If you’ve a camping propane tank that has been sitting in your garage for a long time, I’m guessing you’re wondering whether it’s good for use or expired.
The short answer is camping propane tanks don’t expire, so it’s something you shouldn’t be worried about!
But don’t assume that just any small propane tank stashed for a long time will be good to use.
In the guide below, I’ll detail everything t know about propane tank shelf life, safety, and proper storage.
Do Camp Propane Tanks Expire?
Propane tanks don’t expire.
Propane is an inert gas and doesn’t “decompose” or break down, even after a long period. It’s a stable gas.
While the fuel itself doesn’t expire, the issue usually comes from the tanks. Remember, the tank is metal and can suffer damage over time.
The tanks are likely to malfunction over time and lead to a slow leak of gas out of the can. It’s, however, unlikely that the leak will blow up your house or tent.
I can relate to this because last summer, I came across a Coleman propane tank sitting in my garage for nearly 5 years.
I took the propane cylinder for a one-night camping trip, and it worked like clockwork.
The problem came when I needed to unscrew and pack it. The seal was degraded, and I could smell the slow leak of the propane gas.
I was struck and had to wait until it all dried out.
While, the propane shell doesn’t expire or break down, the pressure relief valve internal pieces, including the float and dip tube, are of concern.
If you shake your Coleman propane tank and hear a rattle, it’s likely the dip tube has loosened and allowed the gas to escape.
So, if your propane storage tank is old, you’d want the valve re-serviced. If it’s faulty, you may want it replaced, but the cost of re-valving a propane tank is just as much as buying a new propane tank.
Usually, I’d recommend that you replace and re-certify your small Coleman propane tank valves every 25 years .
But if you’ve propane cylinders, I’d suggest you check your valves every ten years and be re-certified.
An easy way to distinguish between propane tanks and propane cylinders is a cylinder has a DOT #, while a tank has a CRN#.
Usually, the expiration of propane tanks matters from a legal perspective if you plan to take your tanks on the public roads.
It’s not a legal issue if you’ve a fixed tank.
It’s mostly about ensuring your family’s safety and ensuring the valve is okay.
If you suspect your Coleman propane tank is leaking or the valve is broken, you should put it in a well-ventilated area.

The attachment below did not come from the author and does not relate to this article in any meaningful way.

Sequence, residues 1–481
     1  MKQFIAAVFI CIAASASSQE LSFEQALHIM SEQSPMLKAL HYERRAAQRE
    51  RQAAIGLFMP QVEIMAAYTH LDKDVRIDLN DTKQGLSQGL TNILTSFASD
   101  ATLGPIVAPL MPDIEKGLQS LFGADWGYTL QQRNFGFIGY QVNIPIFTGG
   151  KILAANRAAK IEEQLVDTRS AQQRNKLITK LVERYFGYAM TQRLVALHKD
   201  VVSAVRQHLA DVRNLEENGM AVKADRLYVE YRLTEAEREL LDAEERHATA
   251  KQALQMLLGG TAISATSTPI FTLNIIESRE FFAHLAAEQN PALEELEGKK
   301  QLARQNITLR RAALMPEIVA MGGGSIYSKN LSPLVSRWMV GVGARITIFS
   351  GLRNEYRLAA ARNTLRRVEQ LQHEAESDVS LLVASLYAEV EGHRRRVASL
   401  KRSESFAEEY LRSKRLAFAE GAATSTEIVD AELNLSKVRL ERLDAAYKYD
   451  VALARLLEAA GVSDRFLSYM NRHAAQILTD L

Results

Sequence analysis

It can be on the outside or inside, but ensure proper airflow.
Also, place it away from all flammable material to avoid triggering combustion.
Finally, it should be stored in a dry and cool place while standing upright.
Still, you must check with your manufacturer to see if your Coleman propane tank has a best-before date.
How Long Does a Coleman Propane Tank Last?
The short answer is it depends.
See, propane tanks come in different sizes and how often they’re used.
The answer to the longevity of propane compares to that of your car fuel. It’s similar to asking how long a full tank of gas lasts… it’s what propane tanks really are.
A full car tank could last weeks if you only work from home but can’t last that long on a long road trip.
Conversely, a 5 lb propane tank can provide energy for several single person meals but will last for a single meal if used to prepare a meal for a group of campers.
I hope you get the idea.
But I’m going to help.
Propane is primarily used for heat and cooking. It’ll consume a lot of it if you’re running it all the time.
The small propane tanks, also known as DOT tanks, come in sizes of between 20 lbs to 100 lbs. However, the smallest propane tank is 1lbs.
Ultimately, a propane tank’s shelf life depends on different variables, including the size of your Coleman stove/gas grill, number of burners, heat setting, and frequency of use.
A rule of thumb is a Coleman propane tank uses two pounds of fuel for every meal in a high-heat setting.
Therefore, if you follow this rule, a 20-pound Coleman propane tank will give you 18 to 20 hours on a medium heat grill.
The larger tank grills and on a high-heat setting will consume more heat and may lower the run time to 10 hours.
In short, numerous variables determine how long a propane tank lasts, including the surrounding conditions.
My ideal way of determining how long a propane tank last is through experiment. Understand your system and how much propane it uses.
Start by looking at the burn rate of your propane stove, pay attention to the different temperature settings, and compare it to the little propane cylinder.
Ultimately, you’ll have an idea of your propane usage because it’s unique for everyone.
How Do I Tell my Propane Tank is Low/Empty?
Weight is the only reliable measure. Most propane tanks have empty/ tare weight stamped as “TW” measurements in pounds.
Weigh your used propane tank, and subtract the tare weight from the total to know how much remains.
But if you don’t have a weight scale, there’re other crude methods to determine the amount or level of propane available.
1) Pour hot water down the side of the tank. Condensation will appear where the propane starts, and you’ll know how much of it is left.
While at it, don’t pour 50-L of boiling water like a psycho. A small cup of hot water is enough.
2) Use the magnetic, color-changing thermometer stuck on the side of the bottle. They work by measuring the temperature difference between the compressed propane and the space above it.
3) Once your tank is empty, dip it in a bucket of water, like those used to store keg. Mark the spot where an empty tank float, and mark where a full-tank floats. It should give you an idea of the propane level.
4) You could also hit/knock your tank occasionally with a grill scraper. The more it rings like a bell, the less propane fuel inside.
Of course, the only full-proof method is the weight method. Others are just different ways and usually a hit and miss.
But in my opinion, a good way to avoid the worry of running out of gas when you’re halfway through your meal is to have a backup.